IVF is 40: First blastocyst created

Professor Robert Edwards in 1965
“Dr Edwards examines human ova maturing outside the body in a nutrient medium” – World Medicine Vol. 1 No. 6, December 1965

An exhibition has just opened at the Science Museum to celebrate 40 years of IVF, but the story started ten years earlier with the first blastocyst.

Professor Robert Edwards later recalled the moment in 1968 when he and Patrick Steptoe first created a five-day embryo, the first blastocyst:

“I looked down the microscope and what I saw was a human blastocyst gazing up at me. I thought: ‘We’ve done it.’”

In December 1968 Robert Edwards, together with Barry Bavister and Patrick Steptoe, submitted a paper to Nature in which IVF in humans was described convincingly for the first time.

But it would take ten long years before Edwards, a physiologist, and Steptoe, a gynaecologist, and Jean Purdy research assistant achieved global fame after creating the world’s first test-tube baby.

Steptoe had pioneered the use of the laparoscope. His progress had fallen on deaf ears until Edwards came across a paper he had written describing his experiences and rang Steptoe up to discuss a possible collaboration.

The main motivation for the work was a strong desire to help infertile couples conceive. Edwards said:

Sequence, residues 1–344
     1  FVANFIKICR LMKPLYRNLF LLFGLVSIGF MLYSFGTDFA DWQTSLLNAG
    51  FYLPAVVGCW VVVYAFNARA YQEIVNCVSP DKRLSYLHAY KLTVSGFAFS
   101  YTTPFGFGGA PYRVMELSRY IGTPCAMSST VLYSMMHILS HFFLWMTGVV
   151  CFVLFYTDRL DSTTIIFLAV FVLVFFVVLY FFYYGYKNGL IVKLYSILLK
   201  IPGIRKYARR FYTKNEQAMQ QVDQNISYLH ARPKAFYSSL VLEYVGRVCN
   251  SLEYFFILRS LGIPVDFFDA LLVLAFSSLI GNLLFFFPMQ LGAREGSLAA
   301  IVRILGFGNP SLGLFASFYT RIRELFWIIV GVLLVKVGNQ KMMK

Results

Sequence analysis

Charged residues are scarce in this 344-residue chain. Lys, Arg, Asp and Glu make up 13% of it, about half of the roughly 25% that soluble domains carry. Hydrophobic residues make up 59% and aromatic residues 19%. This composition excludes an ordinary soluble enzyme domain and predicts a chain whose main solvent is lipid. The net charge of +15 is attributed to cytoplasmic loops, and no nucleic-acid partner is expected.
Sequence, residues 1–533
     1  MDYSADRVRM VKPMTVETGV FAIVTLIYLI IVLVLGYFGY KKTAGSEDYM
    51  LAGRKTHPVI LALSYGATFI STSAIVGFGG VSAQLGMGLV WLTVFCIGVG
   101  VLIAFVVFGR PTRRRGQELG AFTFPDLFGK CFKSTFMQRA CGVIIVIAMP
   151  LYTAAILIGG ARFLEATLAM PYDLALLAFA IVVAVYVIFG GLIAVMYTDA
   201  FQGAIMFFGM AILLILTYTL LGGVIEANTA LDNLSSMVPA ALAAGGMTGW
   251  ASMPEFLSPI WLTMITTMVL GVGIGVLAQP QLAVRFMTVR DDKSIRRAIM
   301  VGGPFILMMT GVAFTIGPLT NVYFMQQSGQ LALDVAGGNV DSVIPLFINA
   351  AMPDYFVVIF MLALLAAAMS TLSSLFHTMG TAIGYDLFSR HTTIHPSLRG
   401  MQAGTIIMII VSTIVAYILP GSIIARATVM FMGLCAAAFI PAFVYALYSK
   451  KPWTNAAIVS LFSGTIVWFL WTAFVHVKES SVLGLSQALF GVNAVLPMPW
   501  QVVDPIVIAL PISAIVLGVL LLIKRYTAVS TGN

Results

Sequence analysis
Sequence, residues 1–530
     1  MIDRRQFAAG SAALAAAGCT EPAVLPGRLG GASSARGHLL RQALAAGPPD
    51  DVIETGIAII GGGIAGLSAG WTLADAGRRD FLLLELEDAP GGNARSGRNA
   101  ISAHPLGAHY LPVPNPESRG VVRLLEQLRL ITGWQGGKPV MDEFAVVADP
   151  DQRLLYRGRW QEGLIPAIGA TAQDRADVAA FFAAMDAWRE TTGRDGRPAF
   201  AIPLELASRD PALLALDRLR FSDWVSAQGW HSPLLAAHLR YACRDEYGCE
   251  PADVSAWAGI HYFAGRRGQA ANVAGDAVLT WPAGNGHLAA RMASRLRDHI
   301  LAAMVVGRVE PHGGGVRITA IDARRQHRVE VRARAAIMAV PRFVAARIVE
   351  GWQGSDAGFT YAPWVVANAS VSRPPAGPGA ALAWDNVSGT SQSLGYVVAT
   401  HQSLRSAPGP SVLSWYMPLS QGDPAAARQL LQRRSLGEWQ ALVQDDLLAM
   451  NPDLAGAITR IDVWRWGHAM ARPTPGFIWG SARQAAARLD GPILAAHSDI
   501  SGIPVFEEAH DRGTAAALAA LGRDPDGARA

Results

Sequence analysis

“Steptoe and I were deeply affected by the desperation felt by couples who so wanted to have children. We had a lot of critics but we fought like hell for our patients.”

first blastocyst Daily Mail, February 14th 1969 first ba
Daily Mail, February 14th 1969

The hostility was summed up by one scientific referee writing on a MRC grant application:

“Dr. Edwards feels the need to publicise his work on radio, television, and in the press, so that he can change public attitudes.

“I do not feel that an ill-informed general public is capable of evaluating the work and seeing it in its proper perspective. This publicity has antagonised a large number of Dr. Edwards’  scientific colleagues, of whom I am one.”

The story of IVF is being celebrated in an exhibition at the Science Museum 

Louise’s autobiography, “My life as the world’s first test-tube baby”, was first published on 1st August 2015 by Bristol Books and has been updated and is now available in paperback from booksellers and online: My life as the first Test-Tube baby.

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